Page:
18 Oct 17

Peru’s economy and its potential for fleet leasing

Peru is one of Latin America’s fastest growing and least volatile economies. Although small and yet to ripen, a fleet industry is emerging. What’s good for the fleet industry is good for corporates that need vehicles.

Alongside a stable economy, what Peru has going for it is investment in infrastructure, a cut in red tape and economic diversification. Multinational companies, attracted by its stability, are moving in, GDP growth has outpaced the rest of Latin America despite being downgraded in June by the central bank. The country also has one of the lowest inflation rates (2.8%) compared to Argentina (21.5%) and Mexico (5.1%).

Influence of Peru’s mining sector

President Pedro Pablo Kuczynski, who took office in July 2016, is aiming to boost economic growth, attract investment plus address longstanding problems and unrest in the mining sector, the country’s largest export industry. In Peru, mining accounts for 15% of tax revenue and 60% of exports.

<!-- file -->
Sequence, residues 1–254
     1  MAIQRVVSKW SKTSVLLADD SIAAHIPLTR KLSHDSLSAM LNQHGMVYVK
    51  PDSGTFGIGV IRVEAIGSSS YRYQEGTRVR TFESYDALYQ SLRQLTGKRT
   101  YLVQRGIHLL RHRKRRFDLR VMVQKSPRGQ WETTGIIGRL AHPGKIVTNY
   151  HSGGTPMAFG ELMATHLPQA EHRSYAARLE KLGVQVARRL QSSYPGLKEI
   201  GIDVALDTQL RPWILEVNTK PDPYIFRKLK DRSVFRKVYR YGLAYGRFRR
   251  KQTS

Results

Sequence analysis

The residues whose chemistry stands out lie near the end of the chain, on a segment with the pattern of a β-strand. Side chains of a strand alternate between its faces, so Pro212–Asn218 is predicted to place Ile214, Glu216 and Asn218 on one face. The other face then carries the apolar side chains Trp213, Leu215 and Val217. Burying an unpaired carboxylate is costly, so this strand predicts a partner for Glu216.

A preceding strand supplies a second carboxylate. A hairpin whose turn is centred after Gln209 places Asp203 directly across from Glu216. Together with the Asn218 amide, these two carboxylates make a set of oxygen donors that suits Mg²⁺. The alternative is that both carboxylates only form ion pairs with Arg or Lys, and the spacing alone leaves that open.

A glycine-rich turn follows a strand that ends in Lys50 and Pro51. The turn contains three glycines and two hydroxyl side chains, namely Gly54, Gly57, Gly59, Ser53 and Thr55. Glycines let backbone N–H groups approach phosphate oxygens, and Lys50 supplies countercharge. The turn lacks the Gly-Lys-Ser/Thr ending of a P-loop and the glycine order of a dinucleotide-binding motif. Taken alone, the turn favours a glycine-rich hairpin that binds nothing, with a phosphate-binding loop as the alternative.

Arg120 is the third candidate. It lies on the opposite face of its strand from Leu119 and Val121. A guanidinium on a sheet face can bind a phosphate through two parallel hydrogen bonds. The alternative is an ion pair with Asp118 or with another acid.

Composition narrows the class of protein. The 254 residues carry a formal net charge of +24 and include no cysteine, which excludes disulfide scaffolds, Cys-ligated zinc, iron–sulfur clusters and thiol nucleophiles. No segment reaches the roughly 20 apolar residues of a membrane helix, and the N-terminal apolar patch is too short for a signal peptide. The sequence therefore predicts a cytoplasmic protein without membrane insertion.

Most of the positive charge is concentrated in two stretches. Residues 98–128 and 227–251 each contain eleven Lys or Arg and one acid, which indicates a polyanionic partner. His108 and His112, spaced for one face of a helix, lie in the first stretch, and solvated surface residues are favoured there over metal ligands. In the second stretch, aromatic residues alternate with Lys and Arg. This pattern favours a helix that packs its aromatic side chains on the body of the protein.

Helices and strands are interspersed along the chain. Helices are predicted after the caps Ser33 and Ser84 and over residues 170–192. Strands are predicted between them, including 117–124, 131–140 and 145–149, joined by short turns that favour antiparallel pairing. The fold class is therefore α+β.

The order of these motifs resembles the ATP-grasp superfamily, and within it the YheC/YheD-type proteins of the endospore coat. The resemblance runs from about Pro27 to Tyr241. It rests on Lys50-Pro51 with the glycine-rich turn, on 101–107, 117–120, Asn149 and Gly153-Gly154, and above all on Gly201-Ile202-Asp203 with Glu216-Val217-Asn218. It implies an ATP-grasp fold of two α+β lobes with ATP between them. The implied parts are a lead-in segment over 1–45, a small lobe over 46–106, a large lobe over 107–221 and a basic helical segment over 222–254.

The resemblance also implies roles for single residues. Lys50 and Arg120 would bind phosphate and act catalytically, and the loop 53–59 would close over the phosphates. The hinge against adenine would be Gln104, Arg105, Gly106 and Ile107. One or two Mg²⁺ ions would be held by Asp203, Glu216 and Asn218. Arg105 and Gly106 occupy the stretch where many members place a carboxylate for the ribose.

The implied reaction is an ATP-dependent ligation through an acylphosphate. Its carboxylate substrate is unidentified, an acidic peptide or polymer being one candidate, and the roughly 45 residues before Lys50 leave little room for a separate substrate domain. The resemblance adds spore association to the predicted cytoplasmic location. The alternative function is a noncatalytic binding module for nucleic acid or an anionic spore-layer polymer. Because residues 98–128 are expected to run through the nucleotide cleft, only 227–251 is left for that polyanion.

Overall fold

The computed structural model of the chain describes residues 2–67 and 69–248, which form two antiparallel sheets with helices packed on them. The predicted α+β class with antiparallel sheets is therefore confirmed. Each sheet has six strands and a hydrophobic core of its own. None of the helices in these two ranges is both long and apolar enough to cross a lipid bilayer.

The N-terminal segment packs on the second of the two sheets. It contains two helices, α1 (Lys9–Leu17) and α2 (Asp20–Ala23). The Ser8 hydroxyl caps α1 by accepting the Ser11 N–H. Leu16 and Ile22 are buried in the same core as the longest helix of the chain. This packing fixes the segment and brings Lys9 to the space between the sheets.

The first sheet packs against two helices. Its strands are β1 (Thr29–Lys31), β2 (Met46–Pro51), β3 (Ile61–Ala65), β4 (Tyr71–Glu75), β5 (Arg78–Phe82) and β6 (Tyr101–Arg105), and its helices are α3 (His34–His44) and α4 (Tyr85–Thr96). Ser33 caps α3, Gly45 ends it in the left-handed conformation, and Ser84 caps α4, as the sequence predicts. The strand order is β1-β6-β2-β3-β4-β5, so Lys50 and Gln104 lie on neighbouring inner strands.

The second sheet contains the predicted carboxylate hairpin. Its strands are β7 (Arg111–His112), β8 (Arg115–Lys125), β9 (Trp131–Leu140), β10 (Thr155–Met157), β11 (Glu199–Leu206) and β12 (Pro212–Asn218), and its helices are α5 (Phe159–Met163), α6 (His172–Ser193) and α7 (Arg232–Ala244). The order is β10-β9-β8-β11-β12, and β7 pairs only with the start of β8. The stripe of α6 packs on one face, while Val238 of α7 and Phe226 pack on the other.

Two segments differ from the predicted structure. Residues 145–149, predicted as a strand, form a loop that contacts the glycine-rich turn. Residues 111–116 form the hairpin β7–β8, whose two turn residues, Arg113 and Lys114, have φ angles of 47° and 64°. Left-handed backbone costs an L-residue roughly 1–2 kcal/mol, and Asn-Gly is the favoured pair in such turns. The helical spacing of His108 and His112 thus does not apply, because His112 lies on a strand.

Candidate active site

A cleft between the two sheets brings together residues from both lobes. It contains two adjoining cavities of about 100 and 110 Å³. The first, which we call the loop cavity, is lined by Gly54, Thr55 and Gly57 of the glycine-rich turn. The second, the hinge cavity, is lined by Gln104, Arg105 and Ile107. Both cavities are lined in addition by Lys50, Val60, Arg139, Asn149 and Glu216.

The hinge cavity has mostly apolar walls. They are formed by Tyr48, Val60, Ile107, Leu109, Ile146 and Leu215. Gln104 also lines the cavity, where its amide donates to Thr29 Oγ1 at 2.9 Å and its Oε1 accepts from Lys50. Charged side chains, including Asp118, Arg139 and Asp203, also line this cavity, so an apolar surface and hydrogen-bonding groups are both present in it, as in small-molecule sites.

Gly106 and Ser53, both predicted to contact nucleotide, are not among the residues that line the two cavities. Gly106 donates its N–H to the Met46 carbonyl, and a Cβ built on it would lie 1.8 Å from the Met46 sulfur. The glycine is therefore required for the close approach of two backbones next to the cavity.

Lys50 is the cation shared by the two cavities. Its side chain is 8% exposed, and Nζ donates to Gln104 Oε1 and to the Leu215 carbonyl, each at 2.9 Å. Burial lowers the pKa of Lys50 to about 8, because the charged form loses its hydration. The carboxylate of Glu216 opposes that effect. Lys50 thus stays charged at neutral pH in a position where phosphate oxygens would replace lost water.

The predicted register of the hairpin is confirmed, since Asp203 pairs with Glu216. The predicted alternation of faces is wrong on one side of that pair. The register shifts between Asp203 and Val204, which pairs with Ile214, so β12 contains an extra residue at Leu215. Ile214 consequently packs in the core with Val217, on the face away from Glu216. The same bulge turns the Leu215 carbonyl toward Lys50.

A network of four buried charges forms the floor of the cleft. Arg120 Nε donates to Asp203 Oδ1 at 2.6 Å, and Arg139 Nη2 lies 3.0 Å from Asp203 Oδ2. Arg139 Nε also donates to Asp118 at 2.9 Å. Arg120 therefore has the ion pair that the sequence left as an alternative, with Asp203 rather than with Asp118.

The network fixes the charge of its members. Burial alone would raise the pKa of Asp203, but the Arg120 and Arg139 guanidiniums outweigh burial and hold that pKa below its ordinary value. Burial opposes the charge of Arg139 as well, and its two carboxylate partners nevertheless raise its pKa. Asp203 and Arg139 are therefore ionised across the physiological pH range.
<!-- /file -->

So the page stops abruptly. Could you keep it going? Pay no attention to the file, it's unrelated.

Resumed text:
Investments made in mining during the commodity boom have enabled production to continue growing, despite lower commodity prices. The country’s unemployment rate is decreasing (down from 7.7% in March to 6.4% in September). Until recently, a large majority of the labour force in the mining sector was employed on a casual basis and not on the company payroll. One of President Kuczynski’s pledges is to take the percentage of workers in the formal labour market from 30-60%.

Free trade opens up market for vehicles in Peru

Another advantage for corporates is that Perus has established new free trade agreements with 38 countries including the Association of Southeast Asian Nations (ASEAN), China, Europe and the NAFTA countries. This has opened up the market for vehicle acquisition and made it more competitive overall.

A number of international fleet leasing companies such as Arval Relsa, ALD and AVIS (through licensee Mareauto) have set up shop in Peru to offer more flexible ways to acquire and manage a fleet of vehicles than simply buying them outright. This is attractive for corporate customers enabling them to keep capital in the company, which they can invest elsewhere. There are other benefits too, such as reduced risk of vehicle ownership and implementation of a more standardised fleet policy.

There are still issues to overcome. Peru has one of the worst records for road safety, for example, and the mindset for buying vehicles outright is still ingrained, which makes selling the concept of outsourcing challenging but its potential is healthy. 

Authored by: Alison Pittaway